Book Review


Hans Ulrich Gumbrecht,

Production of Presence: What Meaning Cannot Convey

(Stanford University Press, 2004)



With his book Production of Presence, Hans Ulrich Gumbrecht puts presence at the center of future academic practice in the arts and humanities.  Gumbrecht, a professor of literature at Stanford University, recounts the rise of interpretation to its current dominant position in humanistic activities.  He then explores the much different lived experience of presence.  With appreciation for the value of presence and with concern for the future of face-to-face education, Gumbrecht describes a new structure of nonhermeneutic activities for artistic humanities.  Academics in the arts and humanities can surely benefit from Gumbrecht’s fundamental rethinking of their business plan. 


Others who assess value, allocate resources, and produce services in the communications industry might find this book less practical.  Communications industry analysts and entrepreneurs have begun to recognize that presence is central to value in communications services.  Unfortunately, Gumbrecht’s book provides little specific guidance for most entrepreneurs seeking to produce presence at low cost and with high value.  Most persons probably would not easily understand much of what Gumbrecht discusses.


In addition to academics in the arts and humanities, those willing to take risks and venture into new fields might benefit from encountering Gumbrecht’s book.  Gumbrecht points to stimulating paths for exploring the relationship between presence of persons and presence of things of the world.  Gumbrecht also provides an inspiring example of courage and versatility on difficult market terrain.  Many readers might not perceive or respond to these aspects of his book.  But for readers who do, this book can mean a difference.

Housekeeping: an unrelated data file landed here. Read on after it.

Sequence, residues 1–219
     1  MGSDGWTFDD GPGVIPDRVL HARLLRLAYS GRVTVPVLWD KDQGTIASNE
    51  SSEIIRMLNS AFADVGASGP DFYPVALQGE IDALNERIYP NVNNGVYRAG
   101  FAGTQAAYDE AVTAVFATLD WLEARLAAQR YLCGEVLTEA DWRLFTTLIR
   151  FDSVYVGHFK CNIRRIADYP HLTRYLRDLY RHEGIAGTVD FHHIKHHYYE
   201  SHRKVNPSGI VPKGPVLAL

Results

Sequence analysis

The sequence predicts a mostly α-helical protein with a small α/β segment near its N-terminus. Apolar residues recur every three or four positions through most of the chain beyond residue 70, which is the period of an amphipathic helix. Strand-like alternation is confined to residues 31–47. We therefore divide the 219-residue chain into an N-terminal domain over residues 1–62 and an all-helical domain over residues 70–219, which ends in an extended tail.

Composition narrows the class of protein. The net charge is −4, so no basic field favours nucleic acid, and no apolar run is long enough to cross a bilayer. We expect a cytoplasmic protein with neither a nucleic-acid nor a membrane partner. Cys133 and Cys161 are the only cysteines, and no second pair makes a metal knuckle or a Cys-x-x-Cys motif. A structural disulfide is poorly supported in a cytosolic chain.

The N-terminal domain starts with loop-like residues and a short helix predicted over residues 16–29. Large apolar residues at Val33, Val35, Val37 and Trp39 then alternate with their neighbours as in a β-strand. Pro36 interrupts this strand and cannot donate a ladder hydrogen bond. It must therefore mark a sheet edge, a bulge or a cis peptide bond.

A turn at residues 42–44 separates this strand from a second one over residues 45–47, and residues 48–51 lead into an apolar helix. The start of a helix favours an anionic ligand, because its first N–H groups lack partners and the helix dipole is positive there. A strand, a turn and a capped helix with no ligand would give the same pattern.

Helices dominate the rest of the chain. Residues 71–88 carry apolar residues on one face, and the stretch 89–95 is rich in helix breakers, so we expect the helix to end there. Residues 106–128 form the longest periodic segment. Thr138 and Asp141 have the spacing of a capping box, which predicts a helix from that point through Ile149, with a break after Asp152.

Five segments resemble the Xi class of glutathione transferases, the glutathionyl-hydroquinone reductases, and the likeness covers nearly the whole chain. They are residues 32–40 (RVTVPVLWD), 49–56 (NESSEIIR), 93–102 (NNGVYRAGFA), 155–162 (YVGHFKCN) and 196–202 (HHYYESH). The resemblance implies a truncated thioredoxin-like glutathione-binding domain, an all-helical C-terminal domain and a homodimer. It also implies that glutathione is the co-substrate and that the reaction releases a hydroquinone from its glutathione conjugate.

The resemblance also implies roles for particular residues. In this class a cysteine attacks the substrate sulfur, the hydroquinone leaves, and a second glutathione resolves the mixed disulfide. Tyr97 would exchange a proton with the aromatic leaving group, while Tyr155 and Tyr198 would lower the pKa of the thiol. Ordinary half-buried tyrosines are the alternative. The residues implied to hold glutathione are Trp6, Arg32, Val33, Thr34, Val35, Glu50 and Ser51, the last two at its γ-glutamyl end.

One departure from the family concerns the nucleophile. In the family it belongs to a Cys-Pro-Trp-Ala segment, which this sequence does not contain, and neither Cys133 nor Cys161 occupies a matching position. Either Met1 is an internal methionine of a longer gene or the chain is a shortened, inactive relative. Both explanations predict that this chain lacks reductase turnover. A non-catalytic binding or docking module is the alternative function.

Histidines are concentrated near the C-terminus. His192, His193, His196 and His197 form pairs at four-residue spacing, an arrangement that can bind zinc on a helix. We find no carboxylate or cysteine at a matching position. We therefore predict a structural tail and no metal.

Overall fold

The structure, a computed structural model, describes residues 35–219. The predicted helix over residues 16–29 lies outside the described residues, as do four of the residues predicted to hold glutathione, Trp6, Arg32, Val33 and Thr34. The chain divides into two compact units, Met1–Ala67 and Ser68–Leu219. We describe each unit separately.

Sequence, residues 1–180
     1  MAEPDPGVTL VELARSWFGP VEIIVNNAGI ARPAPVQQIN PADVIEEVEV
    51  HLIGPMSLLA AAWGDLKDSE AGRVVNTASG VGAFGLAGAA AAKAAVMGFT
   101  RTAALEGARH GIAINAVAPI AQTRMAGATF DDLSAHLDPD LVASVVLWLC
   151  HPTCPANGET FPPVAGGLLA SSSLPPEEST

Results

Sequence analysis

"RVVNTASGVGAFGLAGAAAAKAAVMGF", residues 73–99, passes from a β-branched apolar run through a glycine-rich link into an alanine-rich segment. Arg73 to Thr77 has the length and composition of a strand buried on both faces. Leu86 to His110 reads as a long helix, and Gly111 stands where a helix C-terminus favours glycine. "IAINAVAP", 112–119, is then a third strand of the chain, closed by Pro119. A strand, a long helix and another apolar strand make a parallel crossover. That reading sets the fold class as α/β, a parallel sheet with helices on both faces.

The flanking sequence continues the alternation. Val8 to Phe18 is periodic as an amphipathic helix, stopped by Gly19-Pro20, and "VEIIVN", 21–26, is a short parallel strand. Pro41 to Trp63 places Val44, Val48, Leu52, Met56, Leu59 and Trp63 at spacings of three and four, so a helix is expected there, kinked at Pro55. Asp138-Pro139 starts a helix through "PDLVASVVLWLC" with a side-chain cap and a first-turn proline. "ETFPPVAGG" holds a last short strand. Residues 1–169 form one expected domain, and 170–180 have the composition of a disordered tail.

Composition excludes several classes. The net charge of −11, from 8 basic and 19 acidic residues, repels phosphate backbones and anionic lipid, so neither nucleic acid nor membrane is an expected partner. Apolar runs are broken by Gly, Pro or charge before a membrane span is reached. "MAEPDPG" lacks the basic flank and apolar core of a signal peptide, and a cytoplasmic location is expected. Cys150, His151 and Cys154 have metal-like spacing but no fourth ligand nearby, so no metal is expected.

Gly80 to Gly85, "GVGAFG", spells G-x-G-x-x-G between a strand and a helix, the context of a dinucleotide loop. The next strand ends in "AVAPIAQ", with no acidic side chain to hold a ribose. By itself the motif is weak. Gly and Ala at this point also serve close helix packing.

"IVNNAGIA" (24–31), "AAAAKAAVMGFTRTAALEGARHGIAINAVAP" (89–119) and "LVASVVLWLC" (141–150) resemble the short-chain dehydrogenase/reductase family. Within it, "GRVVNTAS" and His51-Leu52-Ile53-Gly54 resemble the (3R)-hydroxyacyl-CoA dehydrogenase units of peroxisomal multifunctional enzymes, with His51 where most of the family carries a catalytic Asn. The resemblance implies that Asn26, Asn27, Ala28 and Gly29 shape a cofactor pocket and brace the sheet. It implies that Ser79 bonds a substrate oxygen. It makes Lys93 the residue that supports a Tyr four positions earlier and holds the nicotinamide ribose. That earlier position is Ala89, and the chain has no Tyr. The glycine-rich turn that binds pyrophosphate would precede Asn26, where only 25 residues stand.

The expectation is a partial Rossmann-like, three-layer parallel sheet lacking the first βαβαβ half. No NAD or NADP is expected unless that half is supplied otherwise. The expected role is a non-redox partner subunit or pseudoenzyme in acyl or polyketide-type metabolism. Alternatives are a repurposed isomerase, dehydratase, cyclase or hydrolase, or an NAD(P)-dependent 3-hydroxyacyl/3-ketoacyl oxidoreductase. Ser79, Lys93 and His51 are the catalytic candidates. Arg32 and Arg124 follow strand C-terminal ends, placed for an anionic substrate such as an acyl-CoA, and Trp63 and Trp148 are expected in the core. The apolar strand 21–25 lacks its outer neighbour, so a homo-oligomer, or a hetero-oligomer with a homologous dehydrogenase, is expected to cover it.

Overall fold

“This book is dedicated to


whose presence tells me that I am alive,

every morning – ”


Production of Presence begins with a section entitled User’s Manual.  Most users will typically skip this.  Yet at least one sentence in the User’s Manual is surely worth reading and questioning:

Presence effects, however, exclusively appeal to the senses.  Therefore, the reactions that they provoke have nothing to do with Einfühlung, that is, with imagining what is going on in another’s psyche. (p. xv)

The evolutionary creation of human beings has probably linked the sense of presence to attunement to needs or threats the other might present.  This built-in sense of presence, activated, for example, through casual chit-chat on the telephone with friends and family, does not necessarily require conscious imaging of what’s going on in another’s psyche.  Does the somatic distinctiveness of persons make presence of another like oneself different from presence of other things of the world?